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Bay Ridge council race already heating up

As his wife Kerry and baby daughter Natalie Grace enjoy the moment, John Quaglione announces his City Council bid. Eagle photo by Paula Katinas

Brooklyn Daily Eagle

The race for Bay Ridge’s City Council seat began in earnest as incumbent Democrat Vincent Gentile and his two Republican challengers, John Quaglione and Andy Sullivan, held fundraisers and began campaigning for votes.

The contest is shaping up to be one of the most closely watched in the city, since Gentile, who has been in office for a decade, is one of the few council veterans eligible to run for another term. He first won the seat in the 43rd Council District in a special election in February of 2003. The district also includes Dyker Heights and parts of Bensonhurst. 

Quaglione, deputy chief of staff to state Sen. Marty Golden (R-C-Bay Ridge-southern Brooklyn), and Sullivan, a construction supervisor, are both vying for the Republican Party’s nomination to run against Gentile in November.

Quaglione, who held his fundraiser at Viccolo, an Italian restaurant on Third Avenue on March 11, came out swinging against Gentile, telling a group of enthusiastic supporters “our current council member has failed.”

Quaglione blasted what he called Gentile’s “weak legislative record,” and said that in the incumbent’s 10 years in the council, he has sponsored only 10 bills that have become law. “That’s a rate of one a year,” he said. Quaglione also cited a survey by the Citizen's Union which found that the 43rd Council District ranked a poor 50th out of 51 council districts to receive city funds for capital projects. “We have sent more money to City Hall than City Hall has sent to us,” he said.

With his wife Kerry and baby daughter Natalie Grace at his side, Quaglione vowed to fight tax increases and parking ticket blitzes by the city, and to pursue an aggressive quality-of-life agenda that includes advocating for additional sanitation pickups in commercial zones and sponsoring graffiti cleanups. He also promised to hold regular town hall meetings with residents to find out about their concerns and to address thsoe concerns. "I am ready to create an agenda that puts community first," he said.

“Increasing taxes and fees is not helping the community. We have waited a decade for a City Council member to understand this. We can wait no longer,” he said.

Gentile officially announced his intention to run for re-election at a kickoff event at the Dyker Beach Golf Course Catering Hall on 86th Street on March 7, telling a large crowd of supporters that he’s “not afraid to fight for your rights as a New Yorker.”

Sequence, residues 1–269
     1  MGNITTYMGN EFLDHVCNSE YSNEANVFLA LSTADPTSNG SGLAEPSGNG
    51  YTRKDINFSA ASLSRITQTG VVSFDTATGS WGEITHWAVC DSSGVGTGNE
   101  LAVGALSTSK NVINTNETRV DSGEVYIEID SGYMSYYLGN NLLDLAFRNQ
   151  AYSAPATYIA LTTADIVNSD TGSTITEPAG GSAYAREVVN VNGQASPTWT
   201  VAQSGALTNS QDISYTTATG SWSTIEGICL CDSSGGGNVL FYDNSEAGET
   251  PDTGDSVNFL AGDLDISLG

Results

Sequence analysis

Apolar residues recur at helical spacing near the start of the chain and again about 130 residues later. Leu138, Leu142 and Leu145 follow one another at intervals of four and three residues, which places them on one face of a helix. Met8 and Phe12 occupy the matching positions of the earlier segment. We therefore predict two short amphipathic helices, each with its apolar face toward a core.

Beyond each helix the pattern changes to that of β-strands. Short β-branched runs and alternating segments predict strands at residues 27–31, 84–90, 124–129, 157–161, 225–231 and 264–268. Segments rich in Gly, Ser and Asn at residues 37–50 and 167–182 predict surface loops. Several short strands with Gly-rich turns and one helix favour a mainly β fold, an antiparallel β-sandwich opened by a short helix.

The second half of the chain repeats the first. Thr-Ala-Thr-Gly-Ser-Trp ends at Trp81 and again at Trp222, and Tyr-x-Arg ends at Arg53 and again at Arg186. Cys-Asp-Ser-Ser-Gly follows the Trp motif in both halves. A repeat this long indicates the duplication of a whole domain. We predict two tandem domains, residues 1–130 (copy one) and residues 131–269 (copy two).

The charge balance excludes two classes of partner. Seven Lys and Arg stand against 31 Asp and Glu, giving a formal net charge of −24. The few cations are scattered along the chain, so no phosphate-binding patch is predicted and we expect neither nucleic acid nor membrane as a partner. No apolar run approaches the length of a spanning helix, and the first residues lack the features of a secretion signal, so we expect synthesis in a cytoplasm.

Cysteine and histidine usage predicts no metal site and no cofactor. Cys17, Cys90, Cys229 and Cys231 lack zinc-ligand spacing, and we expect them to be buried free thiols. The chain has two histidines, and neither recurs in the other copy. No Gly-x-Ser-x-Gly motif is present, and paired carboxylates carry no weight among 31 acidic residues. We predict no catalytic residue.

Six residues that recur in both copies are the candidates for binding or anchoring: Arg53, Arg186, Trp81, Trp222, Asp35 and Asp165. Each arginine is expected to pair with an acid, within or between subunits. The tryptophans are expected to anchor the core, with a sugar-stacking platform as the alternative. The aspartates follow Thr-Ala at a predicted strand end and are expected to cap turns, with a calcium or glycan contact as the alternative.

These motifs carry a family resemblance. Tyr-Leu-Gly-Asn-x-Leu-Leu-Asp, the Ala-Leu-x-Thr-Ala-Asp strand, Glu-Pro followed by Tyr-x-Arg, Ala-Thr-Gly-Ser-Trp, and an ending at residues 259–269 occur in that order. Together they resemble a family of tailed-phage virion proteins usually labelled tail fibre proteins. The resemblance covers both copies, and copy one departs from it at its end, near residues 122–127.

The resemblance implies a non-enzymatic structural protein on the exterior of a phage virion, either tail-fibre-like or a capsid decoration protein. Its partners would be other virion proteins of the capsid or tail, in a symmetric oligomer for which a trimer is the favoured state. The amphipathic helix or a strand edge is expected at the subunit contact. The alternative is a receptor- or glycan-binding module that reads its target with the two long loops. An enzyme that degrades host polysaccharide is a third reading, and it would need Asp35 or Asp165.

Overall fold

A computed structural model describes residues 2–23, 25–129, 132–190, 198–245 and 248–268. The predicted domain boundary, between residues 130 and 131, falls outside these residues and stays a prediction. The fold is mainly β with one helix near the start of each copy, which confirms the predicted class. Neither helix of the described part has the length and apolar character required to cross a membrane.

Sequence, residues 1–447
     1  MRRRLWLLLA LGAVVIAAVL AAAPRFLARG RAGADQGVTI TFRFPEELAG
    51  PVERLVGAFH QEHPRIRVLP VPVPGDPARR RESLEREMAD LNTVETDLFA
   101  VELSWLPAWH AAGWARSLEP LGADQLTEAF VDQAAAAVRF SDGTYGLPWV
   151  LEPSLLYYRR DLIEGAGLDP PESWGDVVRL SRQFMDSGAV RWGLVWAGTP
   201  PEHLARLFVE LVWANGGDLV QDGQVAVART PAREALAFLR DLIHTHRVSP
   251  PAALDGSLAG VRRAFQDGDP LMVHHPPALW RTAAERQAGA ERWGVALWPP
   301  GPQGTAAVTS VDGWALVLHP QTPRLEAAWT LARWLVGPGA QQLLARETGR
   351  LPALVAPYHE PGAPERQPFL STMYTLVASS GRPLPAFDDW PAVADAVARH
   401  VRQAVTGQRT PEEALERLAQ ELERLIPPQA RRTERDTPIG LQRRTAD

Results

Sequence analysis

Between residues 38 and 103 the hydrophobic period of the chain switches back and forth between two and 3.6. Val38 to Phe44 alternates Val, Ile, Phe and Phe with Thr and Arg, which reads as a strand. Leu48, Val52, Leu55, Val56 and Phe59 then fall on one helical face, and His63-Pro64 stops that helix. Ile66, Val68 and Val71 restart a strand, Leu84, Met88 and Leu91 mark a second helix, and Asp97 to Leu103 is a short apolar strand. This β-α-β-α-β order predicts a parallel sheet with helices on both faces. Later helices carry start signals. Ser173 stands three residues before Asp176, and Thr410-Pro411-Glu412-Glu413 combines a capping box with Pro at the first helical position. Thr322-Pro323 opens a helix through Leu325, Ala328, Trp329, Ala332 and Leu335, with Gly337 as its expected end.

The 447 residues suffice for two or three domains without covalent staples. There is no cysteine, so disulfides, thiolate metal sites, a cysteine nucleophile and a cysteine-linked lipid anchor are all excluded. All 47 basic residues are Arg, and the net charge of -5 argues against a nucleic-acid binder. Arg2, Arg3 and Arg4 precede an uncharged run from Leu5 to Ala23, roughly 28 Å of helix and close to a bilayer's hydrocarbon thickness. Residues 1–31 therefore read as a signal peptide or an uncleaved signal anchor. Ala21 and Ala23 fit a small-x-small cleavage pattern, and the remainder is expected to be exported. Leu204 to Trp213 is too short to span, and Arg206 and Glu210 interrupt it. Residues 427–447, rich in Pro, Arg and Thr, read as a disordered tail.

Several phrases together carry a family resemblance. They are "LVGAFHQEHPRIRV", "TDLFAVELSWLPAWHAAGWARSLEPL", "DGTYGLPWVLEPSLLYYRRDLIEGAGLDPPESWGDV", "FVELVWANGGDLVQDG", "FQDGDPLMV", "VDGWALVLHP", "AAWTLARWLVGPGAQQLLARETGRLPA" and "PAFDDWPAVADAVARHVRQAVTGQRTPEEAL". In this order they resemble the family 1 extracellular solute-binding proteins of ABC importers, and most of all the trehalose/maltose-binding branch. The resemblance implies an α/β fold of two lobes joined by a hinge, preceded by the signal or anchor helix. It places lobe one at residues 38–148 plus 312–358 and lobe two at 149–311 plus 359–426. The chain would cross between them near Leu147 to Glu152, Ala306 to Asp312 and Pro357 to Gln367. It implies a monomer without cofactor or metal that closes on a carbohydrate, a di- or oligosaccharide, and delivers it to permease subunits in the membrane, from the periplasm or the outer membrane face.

Gentile, who noted that this will be his last council raced due to term limits, said he deserved re-election because of the work he has done in the past and for what he plans to do for the district over the next four years.

Gentile said he has fought against aggressive traffic enforcement agents giving out parking tickets and has battled against overzealous Health Department inspectors who hit restaurant owners with summonses. “Taxpayers and small businesses should not be used as ATMs,” he said. The incumbent also touted a bill he recently introduced that would prohibit employers from posting job listings in which unemployed people need not apply. Gentile charged that it amounted to discrimination against the unemployed.

The incumbent said that Parks Department officials call him the “$10 Million Man,” because of all the money he has brought back to the district for parks projects. Along the projects is an eco-dock slated to open at the 69th Street pier in the spring.

“The good news is that there’s more to come,” Gentile told his supporters. “There is much more I want to work on over the next four years,” he said.

Sullivan scheduled a fundraiser at Ponte Vecchio Restaurant on Fourth Avenue the same night as Gentile’s big bash. In a recent interview with the Brooklyn Daily Eagle, Sullivan said that if he’s elected he would fight to against unnecessary fines the city slaps on store owners and restaurateurs. 

“Small business is hurting and it’s trickling down to the community. Small businesses are the economic engines of a community. If they’re in trouble, everyone’s in trouble. Not only is there too much government, no one wants to take the time and trouble to open a business anymore,” Sullivan said.

“It’s not worth it to have your own business,” Sullivan said. “And a lot of this has happened on Mr. Gentile’s watch,” he added.

 

 

March 12, 2013 - 3:15pm


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